While many people think that determining the amount of a child support obligation is a matter of simply plugging numbers into a formula, this isn't necessarily true. Many parents have extenuating circumstances that may require a deviation from the usual calculations. One common example is when a divorcing couple has one or more special needs children.
The Initial Child Support Determination
When you go through the divorce process, your attorney helps you figure out whether child support will be a factor and who will be paying whom. Things usually taken into consideration include the physical custody arrangement and the income and earning potential of both parents. However, in divorce cases involving special needs children, there are more factors to consider. There may be extensive medical costs for procedures, medications or equipment, care providers and/or the need for a parent to stay home full-time. These issues should be brought up during the initial child support determination step so that the support award is made on a well-informed basis.
Making Modifications Down the Line
You may also find that something changes in your child's situation years after the initial child support determination is made. In this case, it's possible to ask the courts for a modification. Courts in some states consider modifications every so often — usually every three years or so — if you request it. However, if you feel there has been enough change in circumstances before that period has passed, you must have documentation to support your claim, such as medical records and care receipts. Child support modifications are usually handled through your state child support enforcement agency, but if either you or your ex don't agree with the agency's decision, you have the option to appeal and bring the modification request before the judge.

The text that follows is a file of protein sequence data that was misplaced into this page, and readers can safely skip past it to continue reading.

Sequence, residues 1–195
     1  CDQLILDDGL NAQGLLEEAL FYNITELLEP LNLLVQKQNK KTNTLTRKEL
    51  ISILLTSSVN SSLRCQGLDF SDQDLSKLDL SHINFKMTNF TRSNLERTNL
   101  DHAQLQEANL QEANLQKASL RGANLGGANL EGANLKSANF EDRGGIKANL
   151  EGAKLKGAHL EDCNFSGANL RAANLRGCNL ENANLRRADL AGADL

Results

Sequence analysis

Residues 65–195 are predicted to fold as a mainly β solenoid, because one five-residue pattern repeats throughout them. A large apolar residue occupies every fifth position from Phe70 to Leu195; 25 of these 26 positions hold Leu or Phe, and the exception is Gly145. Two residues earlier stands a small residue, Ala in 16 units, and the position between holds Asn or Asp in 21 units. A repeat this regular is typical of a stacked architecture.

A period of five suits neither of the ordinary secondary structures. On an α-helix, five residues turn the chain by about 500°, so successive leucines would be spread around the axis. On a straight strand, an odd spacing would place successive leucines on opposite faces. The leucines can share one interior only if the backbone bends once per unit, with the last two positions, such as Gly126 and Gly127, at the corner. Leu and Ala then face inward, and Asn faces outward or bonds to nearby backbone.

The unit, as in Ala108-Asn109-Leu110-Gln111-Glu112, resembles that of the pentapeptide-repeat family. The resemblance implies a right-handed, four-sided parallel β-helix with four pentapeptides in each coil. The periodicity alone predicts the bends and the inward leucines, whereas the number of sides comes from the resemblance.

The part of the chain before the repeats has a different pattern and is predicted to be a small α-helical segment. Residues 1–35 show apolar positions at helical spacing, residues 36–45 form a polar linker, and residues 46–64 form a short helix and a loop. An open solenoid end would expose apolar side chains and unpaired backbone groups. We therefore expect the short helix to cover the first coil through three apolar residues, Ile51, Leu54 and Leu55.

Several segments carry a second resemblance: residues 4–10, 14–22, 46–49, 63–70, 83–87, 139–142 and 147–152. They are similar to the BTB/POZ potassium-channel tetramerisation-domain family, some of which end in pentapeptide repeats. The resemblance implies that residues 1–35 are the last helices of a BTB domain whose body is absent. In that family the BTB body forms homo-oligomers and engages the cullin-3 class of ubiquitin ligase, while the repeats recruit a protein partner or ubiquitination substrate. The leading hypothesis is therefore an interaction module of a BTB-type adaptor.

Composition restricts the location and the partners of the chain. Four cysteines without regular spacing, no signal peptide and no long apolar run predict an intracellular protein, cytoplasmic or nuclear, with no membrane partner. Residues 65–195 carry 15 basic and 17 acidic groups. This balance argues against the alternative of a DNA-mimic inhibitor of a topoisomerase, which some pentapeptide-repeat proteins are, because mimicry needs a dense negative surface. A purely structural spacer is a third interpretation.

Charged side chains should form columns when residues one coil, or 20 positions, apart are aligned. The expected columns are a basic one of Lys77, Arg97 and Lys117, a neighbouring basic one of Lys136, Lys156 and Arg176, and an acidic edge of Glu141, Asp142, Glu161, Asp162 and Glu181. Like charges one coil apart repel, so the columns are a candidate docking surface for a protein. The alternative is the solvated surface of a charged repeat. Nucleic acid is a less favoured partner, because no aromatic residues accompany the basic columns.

Child Support for Adult Children with Special Needs
Usually child support payments stop when a child turns 18 or graduates from high school. In the case of a special needs child, the courts may make an exception and order that support continue even after the child has reached adulthood. It's important to understand that this is usually only granted for cases in which the child is truly unable to support himself, and the basis for these exceptions varies greatly by state. This is another situation where you'll likely need to provide a medical history and other documentation to support your argument that child support needs to extend into adulthood.
If you're thinking about or already in the process of getting a divorce and have a special needs child, it's important to be aware of the potential complications that may arise in your case. For example, the parent paying child support may balk at the idea of an upward deviation or having to pay support for an adult child, but understanding your rights and options can make a difference as your case plays out in court.